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Mendelian randomisation analyses of eosinophils and other blood cell types in relation to lung function and disease.

By Anna L Guyatt, Catherine John, Alexander T Williams, Nick Shrine, Nicola Reeve, SpiroMeta Consortium, Ian P Hall, Louise V Wain, Nuala A Sheehan, Frank Dudbridge, Martin D Tobin

Posted 11 Jul 2020
medRxiv DOI: 10.1101/2020.07.09.20148726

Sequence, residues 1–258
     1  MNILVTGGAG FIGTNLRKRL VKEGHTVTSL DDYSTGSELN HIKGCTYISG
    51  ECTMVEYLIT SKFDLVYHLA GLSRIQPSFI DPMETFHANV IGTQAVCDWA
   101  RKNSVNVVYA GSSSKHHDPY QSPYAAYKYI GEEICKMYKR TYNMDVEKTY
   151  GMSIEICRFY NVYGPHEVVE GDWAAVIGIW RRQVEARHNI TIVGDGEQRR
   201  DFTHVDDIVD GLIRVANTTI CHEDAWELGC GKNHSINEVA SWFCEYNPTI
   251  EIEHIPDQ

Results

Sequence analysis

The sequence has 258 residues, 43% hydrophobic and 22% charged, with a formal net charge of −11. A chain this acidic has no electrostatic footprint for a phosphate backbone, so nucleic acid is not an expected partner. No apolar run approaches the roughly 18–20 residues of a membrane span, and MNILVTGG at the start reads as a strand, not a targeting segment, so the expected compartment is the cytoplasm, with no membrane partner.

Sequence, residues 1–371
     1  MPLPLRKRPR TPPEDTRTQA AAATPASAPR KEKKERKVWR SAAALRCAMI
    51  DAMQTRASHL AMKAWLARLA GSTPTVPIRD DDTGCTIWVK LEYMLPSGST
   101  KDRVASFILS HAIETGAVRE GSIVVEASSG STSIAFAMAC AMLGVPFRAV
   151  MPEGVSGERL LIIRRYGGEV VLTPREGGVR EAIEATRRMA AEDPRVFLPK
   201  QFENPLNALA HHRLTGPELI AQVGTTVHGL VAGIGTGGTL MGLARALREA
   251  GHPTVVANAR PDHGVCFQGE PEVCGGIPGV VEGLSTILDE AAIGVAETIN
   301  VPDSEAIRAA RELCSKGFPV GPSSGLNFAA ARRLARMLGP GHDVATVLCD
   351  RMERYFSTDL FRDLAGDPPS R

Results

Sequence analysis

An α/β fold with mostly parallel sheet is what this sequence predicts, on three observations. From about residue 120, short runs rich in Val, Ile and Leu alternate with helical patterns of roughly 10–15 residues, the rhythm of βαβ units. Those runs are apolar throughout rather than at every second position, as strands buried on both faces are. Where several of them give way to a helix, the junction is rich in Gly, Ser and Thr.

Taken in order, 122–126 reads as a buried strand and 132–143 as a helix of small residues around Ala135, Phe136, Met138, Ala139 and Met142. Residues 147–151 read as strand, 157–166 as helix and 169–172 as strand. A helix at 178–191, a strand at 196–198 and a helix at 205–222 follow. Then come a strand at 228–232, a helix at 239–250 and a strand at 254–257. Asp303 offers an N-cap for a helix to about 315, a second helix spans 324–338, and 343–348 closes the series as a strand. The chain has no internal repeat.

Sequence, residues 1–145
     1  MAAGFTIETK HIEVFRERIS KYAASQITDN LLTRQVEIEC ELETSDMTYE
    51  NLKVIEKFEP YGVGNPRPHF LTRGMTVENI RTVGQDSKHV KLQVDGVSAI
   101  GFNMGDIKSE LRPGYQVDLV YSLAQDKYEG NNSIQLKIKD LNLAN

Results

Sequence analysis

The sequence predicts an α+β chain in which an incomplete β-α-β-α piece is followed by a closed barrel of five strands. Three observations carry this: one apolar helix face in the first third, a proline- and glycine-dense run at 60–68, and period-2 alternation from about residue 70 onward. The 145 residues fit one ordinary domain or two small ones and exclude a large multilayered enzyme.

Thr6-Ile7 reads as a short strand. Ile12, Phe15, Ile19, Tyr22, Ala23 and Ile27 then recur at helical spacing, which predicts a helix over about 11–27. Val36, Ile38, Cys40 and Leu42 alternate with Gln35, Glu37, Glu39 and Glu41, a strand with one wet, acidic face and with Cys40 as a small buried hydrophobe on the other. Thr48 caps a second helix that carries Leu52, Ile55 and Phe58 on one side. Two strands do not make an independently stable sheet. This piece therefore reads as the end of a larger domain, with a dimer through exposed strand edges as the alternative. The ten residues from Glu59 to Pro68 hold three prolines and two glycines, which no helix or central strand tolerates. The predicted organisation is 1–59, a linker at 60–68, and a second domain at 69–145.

Background: Eosinophils are granulocytes associated with airway inflammation in respiratory disease. Eosinophil production and survival is controlled by interleukin-5: anti-interleukin-5 agents reduce asthma and COPD exacerbation frequency, and response correlates with baseline eosinophil counts. However, causal relationships between eosinophils and other respiratory phenotypes are less studied. Methods: We investigated causality between eosinophils and: lung function, acute exacerbations of COPD (AECOPD), asthma-COPD overlap (ACO), moderate-to-severe asthma, and respiratory infections. We performed Mendelian randomization (MR) using 151 genetic variants from genome-wide association studies of blood eosinophil counts in UK Biobank/INTERVAL, and respiratory data from UK Biobank, using MR methods relying on different assumptions for validity. Multivariable MR using eight blood cell type exposures was performed for outcomes showing evidence of causation by eosinophils. Findings: There was evidence that higher eosinophils reduce FEV1/FVC and FEV1 (weighted median estimator, SD change FEV1/FVC per SD eosinophils: -0.054 [95%CI -0.078,-0.029]. There was also evidence that eosinophils cause ACO (weighted median OR 1.44 [95%CI 1.19,1.74]), and asthma (weighted median OR 1.50 [95%CI 1.23,1.83]). Multivariable MR for FEV1/FVC, FEV1, ACO and asthma suggested that eosinophils were the cell type with the most important effect. Causal estimates of individual variants were heterogeneous, which may arise from pleiotropy. Interpretation: We found evidence that eosinophils reduce lung function, and increase ACO and asthma risk, on average over the set of genetic variants studied. Eosinophils appear to be causal determinants of fixed airflow obstruction among individuals with features of both asthma and COPD.

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